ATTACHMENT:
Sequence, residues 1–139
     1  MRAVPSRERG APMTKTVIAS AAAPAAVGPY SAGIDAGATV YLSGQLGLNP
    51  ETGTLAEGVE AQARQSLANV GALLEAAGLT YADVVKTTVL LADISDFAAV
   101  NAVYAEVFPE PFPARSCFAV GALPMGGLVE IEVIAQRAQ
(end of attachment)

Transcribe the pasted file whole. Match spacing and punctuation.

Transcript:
Sequence, residues 1–139
     1  MRAVPSRERG APMTKTVIAS AAAPAAVGPY SAGIDAGATV YLSGQLGLNP
    51  ETGTLAEGVE AQARQSLANV GALLEAAGLT YADVVKTTVL LADISDFAAV
   101  NAVYAEVFPE PFPARSCFAV GALPMGGLVE IEVIAQRAQ